Modeling the Covid-19 Epidemic Using Time Series Econometrics
The figure shows the forecast of daily deaths for the UK and the US using the ECDC data.
The forecast (dashed line) is based on our preferred gamma model that accounts for a weekend effect; the squares denote the weekend observations.
The gray area shows the 95% simulation-based confidence interval.
The history of forecasts (updated weekly) is available here.
There are many ways of analyzing the progress of an epidemic, but when it comes to short term forecasting, it is very hard to beat a simple time series regression model. These are good at allowing for the noise in day to day observations, extracting the trend and projecting it forward.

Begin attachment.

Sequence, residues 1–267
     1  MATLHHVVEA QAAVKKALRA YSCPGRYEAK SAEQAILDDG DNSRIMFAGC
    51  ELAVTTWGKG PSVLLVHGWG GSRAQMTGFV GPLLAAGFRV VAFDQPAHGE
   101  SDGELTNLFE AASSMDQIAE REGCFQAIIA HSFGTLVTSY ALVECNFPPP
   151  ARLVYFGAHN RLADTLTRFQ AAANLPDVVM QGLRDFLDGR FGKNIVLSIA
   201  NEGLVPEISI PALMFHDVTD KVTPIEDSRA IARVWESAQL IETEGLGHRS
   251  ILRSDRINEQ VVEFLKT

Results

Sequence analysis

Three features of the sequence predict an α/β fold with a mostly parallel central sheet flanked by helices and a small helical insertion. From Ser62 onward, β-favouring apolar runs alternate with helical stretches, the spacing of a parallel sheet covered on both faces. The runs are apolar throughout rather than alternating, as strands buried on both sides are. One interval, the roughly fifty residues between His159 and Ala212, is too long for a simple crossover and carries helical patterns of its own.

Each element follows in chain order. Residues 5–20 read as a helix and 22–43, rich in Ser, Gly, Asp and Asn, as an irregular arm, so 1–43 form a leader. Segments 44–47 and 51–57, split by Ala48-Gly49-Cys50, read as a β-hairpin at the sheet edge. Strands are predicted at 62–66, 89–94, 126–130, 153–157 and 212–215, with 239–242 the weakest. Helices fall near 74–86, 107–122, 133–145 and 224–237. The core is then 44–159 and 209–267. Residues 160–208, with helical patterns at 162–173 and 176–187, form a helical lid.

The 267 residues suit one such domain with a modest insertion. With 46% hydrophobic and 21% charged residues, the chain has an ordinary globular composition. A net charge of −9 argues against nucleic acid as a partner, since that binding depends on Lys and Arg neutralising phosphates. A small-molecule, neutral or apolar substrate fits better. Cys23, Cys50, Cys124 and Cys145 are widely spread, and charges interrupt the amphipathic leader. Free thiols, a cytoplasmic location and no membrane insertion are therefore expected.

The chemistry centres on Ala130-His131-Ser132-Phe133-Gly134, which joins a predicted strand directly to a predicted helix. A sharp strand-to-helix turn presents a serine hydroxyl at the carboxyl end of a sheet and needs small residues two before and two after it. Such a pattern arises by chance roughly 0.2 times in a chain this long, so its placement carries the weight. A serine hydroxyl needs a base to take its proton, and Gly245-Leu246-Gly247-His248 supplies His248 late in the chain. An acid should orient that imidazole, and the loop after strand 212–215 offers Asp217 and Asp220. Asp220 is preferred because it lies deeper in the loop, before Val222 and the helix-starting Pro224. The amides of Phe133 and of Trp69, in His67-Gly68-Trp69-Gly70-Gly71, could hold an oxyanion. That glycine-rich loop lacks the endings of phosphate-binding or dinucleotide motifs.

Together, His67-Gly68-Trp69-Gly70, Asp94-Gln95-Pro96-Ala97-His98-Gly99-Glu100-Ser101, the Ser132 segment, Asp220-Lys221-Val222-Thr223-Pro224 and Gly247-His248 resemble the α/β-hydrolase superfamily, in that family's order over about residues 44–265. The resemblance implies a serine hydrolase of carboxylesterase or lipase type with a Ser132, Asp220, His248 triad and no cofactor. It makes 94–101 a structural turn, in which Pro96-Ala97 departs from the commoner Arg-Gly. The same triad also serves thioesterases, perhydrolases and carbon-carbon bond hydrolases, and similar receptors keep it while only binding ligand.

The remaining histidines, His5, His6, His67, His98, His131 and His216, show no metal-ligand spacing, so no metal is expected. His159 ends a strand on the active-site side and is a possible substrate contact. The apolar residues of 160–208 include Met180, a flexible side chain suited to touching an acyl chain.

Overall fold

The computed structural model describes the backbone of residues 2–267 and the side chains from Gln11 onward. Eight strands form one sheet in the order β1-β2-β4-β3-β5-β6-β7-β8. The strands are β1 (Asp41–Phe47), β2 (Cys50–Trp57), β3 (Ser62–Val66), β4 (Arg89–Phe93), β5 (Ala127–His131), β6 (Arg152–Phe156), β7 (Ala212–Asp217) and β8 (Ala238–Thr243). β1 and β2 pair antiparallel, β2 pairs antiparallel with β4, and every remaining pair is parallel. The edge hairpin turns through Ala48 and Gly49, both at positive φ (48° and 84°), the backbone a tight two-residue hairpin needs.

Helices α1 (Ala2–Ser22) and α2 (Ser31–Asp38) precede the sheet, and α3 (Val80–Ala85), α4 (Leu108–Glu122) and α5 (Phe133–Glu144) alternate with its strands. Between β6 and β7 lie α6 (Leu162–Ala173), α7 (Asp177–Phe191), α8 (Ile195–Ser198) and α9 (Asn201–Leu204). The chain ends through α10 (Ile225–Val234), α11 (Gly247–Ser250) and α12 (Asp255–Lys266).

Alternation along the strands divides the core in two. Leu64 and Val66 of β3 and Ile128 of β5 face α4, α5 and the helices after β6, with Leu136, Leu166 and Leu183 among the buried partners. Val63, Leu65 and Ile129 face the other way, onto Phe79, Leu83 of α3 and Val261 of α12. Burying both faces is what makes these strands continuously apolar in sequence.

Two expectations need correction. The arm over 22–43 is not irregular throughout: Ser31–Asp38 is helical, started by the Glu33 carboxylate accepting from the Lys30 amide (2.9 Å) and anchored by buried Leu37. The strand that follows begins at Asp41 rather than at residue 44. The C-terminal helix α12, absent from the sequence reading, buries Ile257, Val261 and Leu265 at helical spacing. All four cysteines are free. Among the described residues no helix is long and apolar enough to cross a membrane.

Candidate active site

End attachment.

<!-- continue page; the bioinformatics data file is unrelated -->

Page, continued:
The classic `logistic' model has provided a realistic model of the behavior of Covid-19 in China and many East Asian countries. Once these countries passed the peak, the daily case count fell back, mirroring its initial climb in a symmetric way, just as the classic model predicts.
However, in Italy and Spain, and now the UK and many other Western countries, the experience has been very different. The daily count has fallen back gradually from the peak but remained stubbornly high. The reason for the divergence from the classical model remain unclear.
We take an empirical stance on this issue and develop a model that is based upon the statistical characteristics of the time series. With the possible exception of China, the workhorse logistic model is decisively rejected against more flexible alternatives.
Our regression models are designed to exploit this, using the daily statistics released by ECDC.
Our most current version of the paper is available here: Modeling the Covid-19 Epidemic Using Time Series Econometrics.
Our first report on the development of coronavirus in the UK is available here: Coronametrics: The UK Turns the Corner.